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The day a psychiatrist first used the words obsessive compulsive disorder to diagnose me was the start of a journey toward ridding myself of the shame that had weighed on my heart for so many years.  Now, a decade after that original diagnosis, I will unapologetically tell anyone and everyone that I have OCD.  I am not embarrassed, and this is why:

Illness is not shameful.  If I had cancer or diabetes or any other medical illness, I wouldn’t feel ashamed.  Why should I feel any differently just because it’s my brain that is sick instead of my kidneys or liver or pancreas?

I didn’t choose it.  I never invited OCD into my life — I hate it!  I’m not embarrassed of a stranger who crashes a party the way I would be if it were my friend who did so.

It gives me a platform to help others.  Because I’ve experienced the trenches of OCD, I am better able to understand and encourage those in the same war.  It’s an honor to use my own story to help others.

I’m done being ashamed.  OCD made me feel that (and so much more) for twenty years.  I won’t let it have another day.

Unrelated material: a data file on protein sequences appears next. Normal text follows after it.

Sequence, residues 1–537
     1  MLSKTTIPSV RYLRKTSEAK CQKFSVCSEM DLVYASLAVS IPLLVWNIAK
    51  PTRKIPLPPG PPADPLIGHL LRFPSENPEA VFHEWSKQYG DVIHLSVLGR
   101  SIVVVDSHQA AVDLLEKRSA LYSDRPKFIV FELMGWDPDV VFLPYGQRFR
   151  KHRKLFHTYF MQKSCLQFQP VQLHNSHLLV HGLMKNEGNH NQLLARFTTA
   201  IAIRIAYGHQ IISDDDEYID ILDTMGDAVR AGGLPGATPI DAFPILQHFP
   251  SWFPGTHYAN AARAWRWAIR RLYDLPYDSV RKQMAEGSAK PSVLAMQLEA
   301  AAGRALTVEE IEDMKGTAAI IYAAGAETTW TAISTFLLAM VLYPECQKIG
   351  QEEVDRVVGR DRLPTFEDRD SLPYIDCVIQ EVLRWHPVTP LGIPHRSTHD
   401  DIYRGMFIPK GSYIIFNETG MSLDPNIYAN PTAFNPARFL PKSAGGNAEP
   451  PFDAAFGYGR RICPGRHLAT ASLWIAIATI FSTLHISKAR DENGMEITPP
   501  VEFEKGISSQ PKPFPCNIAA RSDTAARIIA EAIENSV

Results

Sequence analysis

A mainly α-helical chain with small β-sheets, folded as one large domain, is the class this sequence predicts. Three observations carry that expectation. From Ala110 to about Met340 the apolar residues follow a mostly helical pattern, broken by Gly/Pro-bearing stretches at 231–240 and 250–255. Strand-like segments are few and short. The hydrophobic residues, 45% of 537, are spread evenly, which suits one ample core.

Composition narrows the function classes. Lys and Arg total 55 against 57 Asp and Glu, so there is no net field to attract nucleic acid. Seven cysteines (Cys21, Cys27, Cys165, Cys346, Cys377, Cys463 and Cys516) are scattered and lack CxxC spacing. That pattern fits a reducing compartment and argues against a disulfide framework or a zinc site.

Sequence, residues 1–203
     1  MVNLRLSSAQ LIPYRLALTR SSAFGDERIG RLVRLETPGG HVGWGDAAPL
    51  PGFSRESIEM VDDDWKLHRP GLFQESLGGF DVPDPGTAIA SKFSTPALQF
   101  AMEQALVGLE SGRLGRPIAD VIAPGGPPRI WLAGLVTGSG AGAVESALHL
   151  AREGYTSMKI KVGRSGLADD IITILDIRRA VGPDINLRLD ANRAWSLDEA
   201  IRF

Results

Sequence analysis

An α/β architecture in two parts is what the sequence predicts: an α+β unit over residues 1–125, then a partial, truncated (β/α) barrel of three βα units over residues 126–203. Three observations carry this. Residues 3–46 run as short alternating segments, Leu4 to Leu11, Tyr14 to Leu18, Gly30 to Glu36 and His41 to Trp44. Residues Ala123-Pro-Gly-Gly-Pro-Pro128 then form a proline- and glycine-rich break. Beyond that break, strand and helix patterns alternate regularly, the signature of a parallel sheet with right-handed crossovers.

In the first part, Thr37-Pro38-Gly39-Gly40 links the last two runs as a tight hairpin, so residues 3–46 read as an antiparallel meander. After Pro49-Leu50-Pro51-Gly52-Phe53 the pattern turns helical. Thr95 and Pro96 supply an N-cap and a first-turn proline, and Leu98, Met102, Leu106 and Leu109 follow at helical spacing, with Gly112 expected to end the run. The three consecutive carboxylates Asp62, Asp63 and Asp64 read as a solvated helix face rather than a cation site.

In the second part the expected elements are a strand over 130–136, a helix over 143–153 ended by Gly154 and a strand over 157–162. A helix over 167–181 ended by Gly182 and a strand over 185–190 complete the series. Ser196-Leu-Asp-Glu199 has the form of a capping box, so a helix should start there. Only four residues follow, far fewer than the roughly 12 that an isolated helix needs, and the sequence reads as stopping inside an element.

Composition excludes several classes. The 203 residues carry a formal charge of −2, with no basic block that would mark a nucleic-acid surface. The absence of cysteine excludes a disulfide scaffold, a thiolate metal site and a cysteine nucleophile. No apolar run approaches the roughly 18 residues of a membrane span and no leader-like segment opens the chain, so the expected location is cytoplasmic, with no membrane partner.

• Seidy Diaz

    Thank you for sharing your history, how you are investing your life and time to give courage and don’t be ashamed of who you’re, I was diagnosed with OCD ten years ago and still is hard to shere with friends also one thing in a Hispanic community there is a stigma on the mental illness and we need to spread the voice hope there are more information to shere i learn so much from this blog Blessings and keep working hard!!!

    • Hi Seedy! I totally understand how you’re feeling. I too have been there and it’s not easy but seeking help from a professional and getting educated about it was the first thing I did and it’s what helped me gain a better understanding about it and also made me feel comfortable with the idea of opening up about it to family and friends.

  • Thanks for the encouragement and for sharing your story! I too kept it to myself for many years…for 17 long years due to fear of stigma and one day I realized that I am making it more difficult for me by hiding it from family and friends and pretending that I’m alright every time I’m going through my whole ordeal. Opening up about it has helped me in so many ways.

  • Love this post, Jackie! I agree with every one of your points and I feel the exact same way. “Coming out” about my OCD has been one of the very best decisions of my life and I absolutely do not regret it. It has also been an important step in my recovery process. Thanks for sharing this. : )

    • Love this comment, Sunny! I hope many, many people read it and are encouraged by your experience!


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